Principal Investigator: Marvin Doyley, PhD; Assistant Professor, Department of Electrical and
Computer Engineering, University of Rochester, Rochester, NY
Co-Investigator: Giovanni Schifitto, MD; Associate Professor, Department of Neurology and Imaging Sciences, University of Rochester School of Medicine, Rochester, NY
Specific Aims: The primary hypothesis that underpins this project is that magnetic resonance elastography (MRE) imaging can visualize structural changes in grey and white matter that occur when the human immunodeficiency virus (HIV) invades the central nervous system (CNS). The main biological hypothesis is that HIV infection causes both the micro and macroscopic changes in the structure of brain tissue, which will produce a local change in the mechanical properties (i.e., shear modulus, anisotropy, and interstitial pressure) of the grey and white brain matter. The requested grant support will be used to hire additional staff to develop a crucial component of the MRE data acquisition system, which this research team urgently needs to acquire additional preliminary data. The preliminary data will then be used to apply for federal funding at the R01 level to properly assess the role that MRE could play in identifying subjects with mild HIV-associated neurocognitive disease (HAND). The development of this novel method for assessing brain injury will advance clinical trials of novel therapeutics for HAND as well as the clinical management of persons with this disease, because there are presently no adequate biomarkers or stand alone imaging approaches that allow sensitive staging of disease progression. It is also expected to provide a method that can be adapted to other CNS diseases including traumatic brain injury (TBI). Finally, high performance computational (HPC) resources are essential for this project because of the large computational overhead which is required to solve the threedimensional inverse elastography problem on a highly resolved finite element mesh. The following hypothesis-driven specific aims are proposed:
Aim # 1: Can we develop a useful, versatile clinical prototype of a magnetic resonance elastography system to visualize the mechanical properties (i.e., shear modulus, anisotropy, and interstitial pressure) within the brain, with the specific goal of improving the evaluation of HIV-associated brain injury? . The sub-steps to achieve this aim are listed below.
1a Develop a mechanical actuation system to induce shear waves in brain tissue.
1b Implement a three-dimensional phase-contrast gradient echo pulse sequence on the 3T whole body magnetron (Siemens imaging system) that is located in the Rochester Center for Brain Imaging. This will be used to measure the phase and amplitude of the propagating shear waves under steady-state conditions.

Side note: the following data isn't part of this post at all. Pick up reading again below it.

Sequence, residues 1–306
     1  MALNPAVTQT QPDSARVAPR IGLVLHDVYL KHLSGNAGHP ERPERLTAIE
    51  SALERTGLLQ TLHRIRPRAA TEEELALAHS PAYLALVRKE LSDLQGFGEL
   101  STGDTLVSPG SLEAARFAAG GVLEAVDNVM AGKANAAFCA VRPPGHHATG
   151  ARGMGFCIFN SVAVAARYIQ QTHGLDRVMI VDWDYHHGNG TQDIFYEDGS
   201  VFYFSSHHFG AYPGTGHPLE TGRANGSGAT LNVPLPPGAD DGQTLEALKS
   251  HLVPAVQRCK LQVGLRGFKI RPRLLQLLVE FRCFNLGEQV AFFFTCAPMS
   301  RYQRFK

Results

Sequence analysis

1c Develop numerical methods to recover shear modulus, anisotropy and interstitial pressure from MRmeasured phase and amplitude maps. These parameters are expected to provide a measure of HIVinduced neuro-inflammatory changes in axonal architecture and gross tissue damage in brain regions of interest (with a resolution of 5 mm2, based on our preliminary studies in breast tissue).
Aim #2: Can magnetic resonance elastography
differentiate between the mechanical properties of HIVinfected brain
tissues with and without cognitive impairment?
We will perform MR elastographic imaging on16 HIV-infected volunteers, 8 with cognitive impairment and 8 without HAND and 8 HIV negative controls . Dr. Schifitto will recruit patients from ongoing NIH-supported cohorts assessing HIV-associated cognitive impairment, and patients from the infectious disease clinic who have been on a stable antiretroviral regimen for at least 12 weeks. Results from MRE imaging will be compared directly to more established techniques, although far from been considered gold standards, including MRI morphometry, spectroscopy and diffusion tensor imaging (DTI). The number of patients required for each group was based our preliminary studies in breast imaging and statistical analysis. For a 20% standard deviation, in order to observe a 30% increase in the mechanical properties, we require a minimum of 10 patients per group to obtain a power of 0.8 with a p-value of 0.05.